When it comes to the G7’s recent decision to try and implement a global minimum corporate tax, a new poll of U.S. public company directors finds the boardroom community sharply divided on the issue, with a surprising number saying they actually support the measure—with strong caveats.
In our monthly Director Confidence Index, a poll of U.S. public company board members conducted in partnership between Corporate Board Member and Diligent Institute, 44 percent of polled directors say they support the concept, regardless of the rate, versus 42 percent who say they don’t—with another 15 percent saying they’re not sure whether they support it or not.
Among those against, the most common reason is loss of competitiveness for U.S. companies.
“The total corporate tax rate in the U.S. today (including state & local taxes) is competitive with the rest of the world. Any significant increase will make the U.S. uncompetitive again,” explained Clayton Daley, director at Simply Good Foods.
“We need to be careful that tax loopholes and incentives don’t continue to result in no taxes paid by major corporations,” said the director of a healthcare company in support of the tax. “For those companies still in early stage, don’t apply the minimum tax and continue to allow NOLs (net operating losses) and other offsets to encourage innovation and development.”
When asked more specifically about whether the rate of 15 percent was adequate, 31 percent of directors said they thought it was, but 20 percent said it should be lower, and 7 percent said it should be higher. A director in the financial sector who does believe a 15 percent global minimum tax is adequate says, “The drop from 35 percent to 21 percent was too drastic.” And another director even suggests that “it should be 25 percent”.
Nevertheless, still a significant proportion, 47 percent, support the idea of raising business taxes, although many of them say there needs to be more specific targets and very detailed infrastructure plans and enhanced government engagement.
The business community has been divided on the issue of raising corporate taxes. On one hand, the Business Roundtable and U.S. Chamber of Commerce have publicly opposed plans to increase corporate taxes in the U.S., while Chamber of Progress, a tech industry group funded by Amazon, Facebook, Google and other tech giants, has voiced its support if it means investing in American infrastructure. Most directors (53 percent) disagree with the idea of raising corporate taxes on the basis of global competitiveness.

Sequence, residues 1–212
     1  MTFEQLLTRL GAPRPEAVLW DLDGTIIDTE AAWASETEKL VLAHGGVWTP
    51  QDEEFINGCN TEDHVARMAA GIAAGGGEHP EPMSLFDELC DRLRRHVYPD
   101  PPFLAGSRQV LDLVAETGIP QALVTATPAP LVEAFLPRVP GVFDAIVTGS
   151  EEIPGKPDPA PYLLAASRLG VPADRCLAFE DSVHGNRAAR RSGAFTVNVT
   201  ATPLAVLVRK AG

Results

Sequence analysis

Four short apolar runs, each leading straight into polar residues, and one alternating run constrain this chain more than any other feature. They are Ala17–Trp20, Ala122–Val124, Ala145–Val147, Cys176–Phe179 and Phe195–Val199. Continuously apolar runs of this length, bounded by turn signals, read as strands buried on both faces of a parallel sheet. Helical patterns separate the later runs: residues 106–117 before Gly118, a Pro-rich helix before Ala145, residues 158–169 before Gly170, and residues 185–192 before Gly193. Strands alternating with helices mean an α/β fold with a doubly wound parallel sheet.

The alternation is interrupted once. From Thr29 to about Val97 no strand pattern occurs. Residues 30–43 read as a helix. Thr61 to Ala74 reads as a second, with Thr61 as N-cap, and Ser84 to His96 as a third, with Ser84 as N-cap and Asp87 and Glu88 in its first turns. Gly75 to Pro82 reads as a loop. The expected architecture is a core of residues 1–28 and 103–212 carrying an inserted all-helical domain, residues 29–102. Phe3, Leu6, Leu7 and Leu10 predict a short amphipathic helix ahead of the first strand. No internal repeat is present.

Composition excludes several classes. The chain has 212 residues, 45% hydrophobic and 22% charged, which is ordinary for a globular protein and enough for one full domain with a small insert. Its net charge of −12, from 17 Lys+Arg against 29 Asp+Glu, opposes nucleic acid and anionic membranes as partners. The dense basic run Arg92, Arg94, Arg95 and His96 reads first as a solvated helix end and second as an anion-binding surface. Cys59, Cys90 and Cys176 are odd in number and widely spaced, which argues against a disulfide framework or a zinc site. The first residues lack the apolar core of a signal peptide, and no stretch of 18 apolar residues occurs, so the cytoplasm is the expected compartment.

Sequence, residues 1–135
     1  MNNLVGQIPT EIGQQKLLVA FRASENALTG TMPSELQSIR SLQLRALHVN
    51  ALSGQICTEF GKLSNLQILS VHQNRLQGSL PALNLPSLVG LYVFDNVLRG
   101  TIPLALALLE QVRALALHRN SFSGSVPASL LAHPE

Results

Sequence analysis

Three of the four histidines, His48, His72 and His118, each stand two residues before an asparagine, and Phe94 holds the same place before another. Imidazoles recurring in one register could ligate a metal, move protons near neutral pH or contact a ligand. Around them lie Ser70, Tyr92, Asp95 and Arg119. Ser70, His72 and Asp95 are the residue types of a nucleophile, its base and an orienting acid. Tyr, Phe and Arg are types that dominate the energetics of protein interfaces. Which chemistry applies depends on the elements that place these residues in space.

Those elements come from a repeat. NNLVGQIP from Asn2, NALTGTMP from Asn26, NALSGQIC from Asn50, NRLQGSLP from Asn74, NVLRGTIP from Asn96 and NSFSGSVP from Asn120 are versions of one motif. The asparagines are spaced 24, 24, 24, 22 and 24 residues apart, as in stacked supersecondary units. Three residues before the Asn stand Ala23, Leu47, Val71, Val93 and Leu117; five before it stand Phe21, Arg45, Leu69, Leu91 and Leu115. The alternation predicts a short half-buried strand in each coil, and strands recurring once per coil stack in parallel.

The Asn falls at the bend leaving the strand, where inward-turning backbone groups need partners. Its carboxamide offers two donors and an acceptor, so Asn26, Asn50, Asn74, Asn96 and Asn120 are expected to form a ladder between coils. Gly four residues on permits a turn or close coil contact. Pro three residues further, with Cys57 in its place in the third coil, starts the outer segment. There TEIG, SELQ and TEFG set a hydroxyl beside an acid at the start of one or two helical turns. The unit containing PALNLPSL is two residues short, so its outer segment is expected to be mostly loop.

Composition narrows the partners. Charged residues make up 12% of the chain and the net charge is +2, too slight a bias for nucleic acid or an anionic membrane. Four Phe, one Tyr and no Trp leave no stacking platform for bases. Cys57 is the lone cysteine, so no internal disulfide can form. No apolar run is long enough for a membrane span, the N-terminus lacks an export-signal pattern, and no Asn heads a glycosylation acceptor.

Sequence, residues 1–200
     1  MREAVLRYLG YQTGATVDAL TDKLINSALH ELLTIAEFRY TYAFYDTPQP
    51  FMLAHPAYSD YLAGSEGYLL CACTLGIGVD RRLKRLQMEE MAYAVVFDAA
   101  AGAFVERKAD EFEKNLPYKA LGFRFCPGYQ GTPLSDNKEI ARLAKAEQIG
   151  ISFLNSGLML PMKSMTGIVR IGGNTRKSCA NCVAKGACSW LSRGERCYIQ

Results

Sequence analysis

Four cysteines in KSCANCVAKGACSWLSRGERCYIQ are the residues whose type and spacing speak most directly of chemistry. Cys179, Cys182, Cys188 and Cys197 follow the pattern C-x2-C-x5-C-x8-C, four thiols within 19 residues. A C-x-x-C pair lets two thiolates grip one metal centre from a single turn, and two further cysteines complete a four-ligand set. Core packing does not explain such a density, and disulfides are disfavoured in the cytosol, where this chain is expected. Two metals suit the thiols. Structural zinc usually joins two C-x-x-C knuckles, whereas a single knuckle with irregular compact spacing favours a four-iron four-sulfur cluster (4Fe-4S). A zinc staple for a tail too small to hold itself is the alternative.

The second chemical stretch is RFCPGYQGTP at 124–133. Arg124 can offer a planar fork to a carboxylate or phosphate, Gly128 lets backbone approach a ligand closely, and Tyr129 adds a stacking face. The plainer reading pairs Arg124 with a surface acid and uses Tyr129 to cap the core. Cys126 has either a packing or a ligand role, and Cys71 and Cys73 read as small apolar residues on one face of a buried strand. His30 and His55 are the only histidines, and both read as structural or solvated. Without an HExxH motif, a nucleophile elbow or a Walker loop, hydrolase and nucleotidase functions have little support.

Peter L. Bain, director at asset manager Virtus Investment Partners, says, “We need to be serious about investing in the economy to rebuild infrastructure and recover from the pandemic. This requires government engagement. We must be serious about managing deficits, so revenue must be raised to help mitigate the costs of necessary government spending.”
Right now, however, only 8 percent of directors polled say their company is planning changes to its strategy as a result of potential tax increases. The great majority (88 percent) say they’re either not going to change their strategy or will re-consider doing so when more details emerge.
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Corporate Board Member, a division of Chief Executive Group, has been the market leader in board education for 20 years. The quarterly publication provides public company board members, CEOs, general counsel and corporate secretaries decision-making tools to address the wide range of corporate governance, risk oversight and shareholder engagement issues facing their boards. Corporate Board Member further extends its thought leadership through online resources, webinars, timely research, conferences and peer-driven roundtables. The company maintains the most comprehensive database of directors and officers of publicly traded companies listed with NYSE, NYSE Amex and Nasdaq. Learn more at BoardMember.com.
About the Diligent Institute
Diligent Institute is the corporate governance research arm and think tank of Diligent Corporation. The Institute produces publicly available cutting-edge research on corporate governance practices by directors, for directors, with a global perspective. Learn more at diligeninstitute.com.